Game review: State Of Decay 2 is a shambling mess –

One of the most ambitious open world zombie games finally gets a sequel, and four-player co-op, but it all comes at a terrible price…
No matter how good a game may be you still always end up fantasising what it would be like if it was even better. More levels, better graphics, improved artificial intelligence… even if a game is state-of-the-art your imagination will always exceed the limitations of current technology. But the most common wish for many recent games is simply that they be properly finished. Given the fact that many of the most popular titles today (Fortnite and PUBG to name but two) are unashamedly incomplete it often seems a forlorn hope, but it does affect some games more than others.
The first State Of Decay was released as long ago now as 2013, and it was very much at the vanguard of today’s unfortunate tolerance for unfinished games. Its central idea, of surviving a zombie apocalypse by maintaining a whole community of survivors, was appealing enough that nobody seemed to care that it was filled with game-ruining bugs and that the combat, driving, and mission design was awful.
State Of Decay 2 is almost exactly the same game, but to its credit it has fixed most of the gameplay problems from the original. It hasn’t added much new on top, but fighting and driving is now enjoyable in its own right. But the technical problems still remain. The graphics are terrible, the artificial intelligence is almost non-existent, and it’s so full of bugs it’s like visiting the insect house at London Zoo. And yet we’re still not sure most fans are really going to care.

Just as in the first game, State Of Decay 2 is set years after a zombie apocalypse, when society has completely collapsed. You start off in a small, poorly-equipped shelter and have to maintain and expand your settlement across the open world map. It’s essentially a survival game, but on the scale of a small community rather than just a single person. And just like a survival game that means ensuring a regular supply of food and equipment is just as important as fighting monsters.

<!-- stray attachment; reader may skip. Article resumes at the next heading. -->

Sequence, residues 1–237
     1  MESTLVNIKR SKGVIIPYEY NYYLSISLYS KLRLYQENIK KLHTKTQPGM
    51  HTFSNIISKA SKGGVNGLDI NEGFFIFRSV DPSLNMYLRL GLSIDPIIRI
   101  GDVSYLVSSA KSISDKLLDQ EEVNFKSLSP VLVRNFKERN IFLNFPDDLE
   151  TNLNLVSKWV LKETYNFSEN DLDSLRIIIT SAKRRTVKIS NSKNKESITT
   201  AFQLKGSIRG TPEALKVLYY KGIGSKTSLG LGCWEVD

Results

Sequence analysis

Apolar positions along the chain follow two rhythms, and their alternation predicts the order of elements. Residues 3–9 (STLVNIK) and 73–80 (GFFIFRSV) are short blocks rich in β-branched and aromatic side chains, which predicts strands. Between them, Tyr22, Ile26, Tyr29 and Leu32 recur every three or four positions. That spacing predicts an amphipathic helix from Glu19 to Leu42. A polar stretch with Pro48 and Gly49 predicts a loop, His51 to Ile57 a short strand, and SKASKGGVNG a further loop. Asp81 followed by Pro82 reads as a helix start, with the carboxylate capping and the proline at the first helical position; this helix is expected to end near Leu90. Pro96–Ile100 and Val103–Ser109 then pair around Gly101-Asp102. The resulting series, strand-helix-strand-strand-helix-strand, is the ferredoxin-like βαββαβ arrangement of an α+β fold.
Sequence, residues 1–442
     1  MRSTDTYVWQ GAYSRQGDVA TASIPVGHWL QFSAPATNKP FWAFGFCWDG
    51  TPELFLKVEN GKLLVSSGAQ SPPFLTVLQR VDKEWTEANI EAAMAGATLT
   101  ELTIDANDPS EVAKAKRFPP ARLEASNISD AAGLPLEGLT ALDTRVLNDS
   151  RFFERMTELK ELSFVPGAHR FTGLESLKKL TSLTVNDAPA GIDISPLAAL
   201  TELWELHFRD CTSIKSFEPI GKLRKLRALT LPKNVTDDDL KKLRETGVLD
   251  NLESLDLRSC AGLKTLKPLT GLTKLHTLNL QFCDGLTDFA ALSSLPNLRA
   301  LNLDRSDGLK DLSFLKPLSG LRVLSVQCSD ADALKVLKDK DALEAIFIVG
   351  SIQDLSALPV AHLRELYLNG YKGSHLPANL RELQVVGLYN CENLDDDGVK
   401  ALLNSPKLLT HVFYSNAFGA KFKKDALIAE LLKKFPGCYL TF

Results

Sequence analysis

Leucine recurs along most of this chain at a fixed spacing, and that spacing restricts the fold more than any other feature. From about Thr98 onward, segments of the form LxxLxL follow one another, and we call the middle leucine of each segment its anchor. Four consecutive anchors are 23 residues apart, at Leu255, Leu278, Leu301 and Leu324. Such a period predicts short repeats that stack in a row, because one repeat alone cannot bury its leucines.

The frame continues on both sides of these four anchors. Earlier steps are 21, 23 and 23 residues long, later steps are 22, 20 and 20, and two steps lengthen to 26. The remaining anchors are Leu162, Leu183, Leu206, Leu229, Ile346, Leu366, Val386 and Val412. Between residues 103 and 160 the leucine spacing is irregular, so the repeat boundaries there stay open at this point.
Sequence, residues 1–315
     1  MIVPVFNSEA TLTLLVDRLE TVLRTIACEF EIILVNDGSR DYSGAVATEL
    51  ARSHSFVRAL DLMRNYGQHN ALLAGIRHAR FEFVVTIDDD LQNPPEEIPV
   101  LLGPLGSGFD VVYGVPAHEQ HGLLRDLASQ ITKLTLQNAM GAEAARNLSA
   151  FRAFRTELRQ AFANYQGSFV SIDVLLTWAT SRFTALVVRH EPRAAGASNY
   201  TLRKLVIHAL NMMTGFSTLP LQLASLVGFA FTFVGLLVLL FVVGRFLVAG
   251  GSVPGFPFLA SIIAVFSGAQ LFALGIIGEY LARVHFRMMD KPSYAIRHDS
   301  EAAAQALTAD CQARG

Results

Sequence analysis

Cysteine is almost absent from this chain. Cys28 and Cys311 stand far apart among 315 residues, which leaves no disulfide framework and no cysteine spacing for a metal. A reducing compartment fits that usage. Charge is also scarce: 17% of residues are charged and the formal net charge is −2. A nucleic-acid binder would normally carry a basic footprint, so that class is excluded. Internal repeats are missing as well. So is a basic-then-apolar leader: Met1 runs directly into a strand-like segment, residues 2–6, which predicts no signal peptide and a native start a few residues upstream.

Since there’s little in the way of overriding story it at first seems there’s little reason to venture outside your base, especially as it has to be regularly defended from roaming gangs of zombies. But while you can grow your own food and manufacture your own weapons that takes time and resources, and the latter can only be found by scavenging. Lots of scavenging.
State Of Decay 2’s most significant addition to the original’s set-up is the advanced base-building options and a new element called the blood plague, which can infect any of your characters and creates super strong zombies. The plague is propagated by giant beating hearts that lurk within buildings and other difficult to reach places, and are the first thing that needs to be cleared out when establishing a new base.
You wouldn’t design a whole game around it, but the combat and driving are now perfectly acceptable, with the latter making running zombies over, often by opening the door to ram them in the head, one of the game’s more enjoyable diversions. The third person combat is very simplistic but the range of weapons and explosives keeps things interesting enough, even if some of the faster moving zombies can be a pain to deal with.
The most enjoyable aspect of the game though is the base-building, which comes across almost like a post-apocalyptic version of The Sims. In fact, having said that, we can’t help but think the whole game would’ve been better if that’s exactly what it was, because monitoring the health and morale of your community and constructing new facilities and buildings is very intriguing.